Written review by
Associate Curator, International Center of Photography
The best portraits in Monika’s series are very strong, very intense, and very deep. The blacks and whites are beautifully mastered and the voice is genuine. In her statement, Monika says she was looking to photograph “on the surface or even by chance underneath”. Indeed I can see both in this beautiful selection, and the surface is sometimes just as penetrating as what lies beneath.
In fact, image 1 might be the strongest in the portfolio, precisely because it brings us to a moving surface– skin, hair, fabrics, extremities - no faces, but deeply telling presences and absences. We are left on the surface with such a strong texture - such telling hands - and excellent composition that the intimacy is immediate. Another very strong image in my view is image 5, that captures a beautiful moment, and again, the hands, in the most instinctive way. Image 3 is a very strong portrait as well, the only one where the eyes are looking straight in both directions, and the lines of the faces are so dramatic. The instrument, the wind blown, the repetition of the pattern in the background and in the foreground thanks to the reflection in the trumpet, make for a very powerful and memorable portrait. I would argue that Monika is at her best when in that zone of proximity. There is a reminiscence of Ed van der Elsken’s Love on the Left Bank that really appeals to me, a form of grittiness and of life on the margins that is visually striking and emotionally powerful. I also love image number 9, a little bit of a Saul Leiter moment of poetry, with the many reflections, the hand in the front, the meditation. Image 10 is stuck in that in-between-ness, a very ‘Stromholmian’ moment, Les Amies de Place Blanche, such an intriguing, beautiful and moving subject, but the composition could have been stronger, or perhaps the moment – something is off, not candid enough – but I love the intrigue.
Indeed, the portraits that I find weaker are the ones that are perhaps too clean in comparison, too polished, not tense enough- such as image number 2 (the eyes of the man escaping Monika’s somehow creates a vacuum of intensity, compared to image 3). The dog alone, with his eyes closed, would have been perfect, the whites and the lines, the velocity of his face and if the bandana covering it. It is a matter of a second. Not a bad photograph by any means, but a low moment. Image 4 strikes me as too “posée”, too much awareness and self-awareness in the subject, perhaps too much light. Not a bad photograph at all, in fact the composition is quite good and the lines beautiful, it might be that the background is too heavy for a subject of this stature. Too heavy visually: the big white letters in the back eat the frame and undermine the subject, such a good character. Too much self-awareness in image 6, an affect and an effect that bothers me, that black hallo around the woman. It is a little too forced. Image 7 is good but perhaps not different enough, compared to Monika’s very dramatic portraits commented above. This one seems a little bit too ordinary; too easy. Great composition and complete unawareness - but not memorable. Image 8 is a good one, but again perhaps too “léchée”, to clean and posed. Same with image 11. Too much control on both sides.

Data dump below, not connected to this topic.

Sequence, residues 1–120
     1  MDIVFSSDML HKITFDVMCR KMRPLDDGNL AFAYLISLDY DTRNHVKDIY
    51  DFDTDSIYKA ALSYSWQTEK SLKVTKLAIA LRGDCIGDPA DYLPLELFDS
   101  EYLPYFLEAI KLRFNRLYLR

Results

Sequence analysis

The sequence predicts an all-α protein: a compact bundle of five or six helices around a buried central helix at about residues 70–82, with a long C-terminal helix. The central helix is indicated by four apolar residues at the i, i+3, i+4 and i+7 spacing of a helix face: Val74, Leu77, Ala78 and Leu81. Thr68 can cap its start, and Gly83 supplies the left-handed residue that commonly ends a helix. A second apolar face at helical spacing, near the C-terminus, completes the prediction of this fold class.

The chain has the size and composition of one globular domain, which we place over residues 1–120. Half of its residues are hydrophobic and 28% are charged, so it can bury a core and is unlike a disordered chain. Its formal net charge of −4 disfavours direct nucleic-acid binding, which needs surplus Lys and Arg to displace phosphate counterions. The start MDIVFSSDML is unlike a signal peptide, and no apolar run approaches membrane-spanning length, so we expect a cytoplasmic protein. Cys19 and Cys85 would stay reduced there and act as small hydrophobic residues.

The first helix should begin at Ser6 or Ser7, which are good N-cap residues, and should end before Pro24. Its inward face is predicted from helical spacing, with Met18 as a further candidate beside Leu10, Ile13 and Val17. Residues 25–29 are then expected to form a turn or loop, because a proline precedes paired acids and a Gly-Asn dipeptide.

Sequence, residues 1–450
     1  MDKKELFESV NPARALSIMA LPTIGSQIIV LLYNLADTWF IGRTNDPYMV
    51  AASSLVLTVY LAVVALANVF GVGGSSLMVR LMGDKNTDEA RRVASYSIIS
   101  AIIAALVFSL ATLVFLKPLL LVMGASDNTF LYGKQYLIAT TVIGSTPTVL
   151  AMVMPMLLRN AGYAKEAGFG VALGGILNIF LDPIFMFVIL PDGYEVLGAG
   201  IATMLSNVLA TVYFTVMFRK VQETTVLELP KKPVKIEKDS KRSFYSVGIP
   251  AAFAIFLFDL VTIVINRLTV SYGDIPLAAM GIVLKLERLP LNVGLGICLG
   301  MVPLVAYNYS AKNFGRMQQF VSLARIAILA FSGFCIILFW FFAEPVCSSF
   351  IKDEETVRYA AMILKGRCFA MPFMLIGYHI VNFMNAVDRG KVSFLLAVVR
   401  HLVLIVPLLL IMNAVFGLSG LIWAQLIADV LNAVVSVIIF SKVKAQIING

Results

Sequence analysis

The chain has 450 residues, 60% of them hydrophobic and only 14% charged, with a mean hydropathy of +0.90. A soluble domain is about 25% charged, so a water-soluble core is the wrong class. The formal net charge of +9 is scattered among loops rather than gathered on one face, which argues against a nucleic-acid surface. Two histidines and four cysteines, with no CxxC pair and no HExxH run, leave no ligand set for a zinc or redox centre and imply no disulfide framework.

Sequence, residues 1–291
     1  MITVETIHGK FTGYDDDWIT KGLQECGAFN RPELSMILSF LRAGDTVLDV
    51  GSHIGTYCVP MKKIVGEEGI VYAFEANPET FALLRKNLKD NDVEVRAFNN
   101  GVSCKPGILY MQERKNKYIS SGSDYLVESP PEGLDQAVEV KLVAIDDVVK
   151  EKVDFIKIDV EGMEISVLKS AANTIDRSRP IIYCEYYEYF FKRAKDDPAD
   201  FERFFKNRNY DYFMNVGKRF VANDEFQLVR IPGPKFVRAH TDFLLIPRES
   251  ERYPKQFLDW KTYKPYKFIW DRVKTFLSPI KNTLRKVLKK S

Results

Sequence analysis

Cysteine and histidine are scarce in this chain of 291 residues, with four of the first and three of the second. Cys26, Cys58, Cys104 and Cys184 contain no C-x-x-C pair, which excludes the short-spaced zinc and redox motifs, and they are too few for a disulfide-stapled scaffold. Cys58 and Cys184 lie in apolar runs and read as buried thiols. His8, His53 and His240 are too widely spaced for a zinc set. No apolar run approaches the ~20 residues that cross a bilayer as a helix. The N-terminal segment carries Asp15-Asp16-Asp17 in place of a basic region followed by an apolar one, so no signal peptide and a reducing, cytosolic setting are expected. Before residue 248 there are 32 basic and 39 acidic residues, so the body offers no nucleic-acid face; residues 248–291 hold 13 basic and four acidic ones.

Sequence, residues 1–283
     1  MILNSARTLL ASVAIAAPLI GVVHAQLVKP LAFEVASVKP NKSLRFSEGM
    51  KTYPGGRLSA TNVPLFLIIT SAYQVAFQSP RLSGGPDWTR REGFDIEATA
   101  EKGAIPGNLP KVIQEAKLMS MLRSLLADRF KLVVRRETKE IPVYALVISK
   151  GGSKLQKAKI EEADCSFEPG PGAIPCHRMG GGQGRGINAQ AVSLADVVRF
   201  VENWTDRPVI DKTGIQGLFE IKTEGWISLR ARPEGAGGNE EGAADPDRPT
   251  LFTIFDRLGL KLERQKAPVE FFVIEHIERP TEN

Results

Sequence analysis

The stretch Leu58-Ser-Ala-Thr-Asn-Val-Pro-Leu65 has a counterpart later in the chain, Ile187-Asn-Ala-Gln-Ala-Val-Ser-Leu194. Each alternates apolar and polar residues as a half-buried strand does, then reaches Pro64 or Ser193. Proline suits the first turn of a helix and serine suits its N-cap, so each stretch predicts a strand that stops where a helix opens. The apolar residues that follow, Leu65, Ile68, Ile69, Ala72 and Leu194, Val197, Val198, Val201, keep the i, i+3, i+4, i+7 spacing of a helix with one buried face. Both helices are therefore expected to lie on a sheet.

All in all I think Monika produced a beautiful series, and I would only encourage her to keep on finding those beautiful moments that are both on the surface and emotionally striking: moments of “lâcher-prise”, on her side and on her sitter’s side, which is when the intensity reaches its peak. The photographs lose their intensity and impact when the emotional distance is too loose. Elliott Erwitt says the magic of the photography is the transcendence of place and time. It is the most difficult thing to attain, particularly in portraiture, but it does happen in many of Monika’s portraits, especially the ones where the faces disappear and all that is left for us to see is still so alive.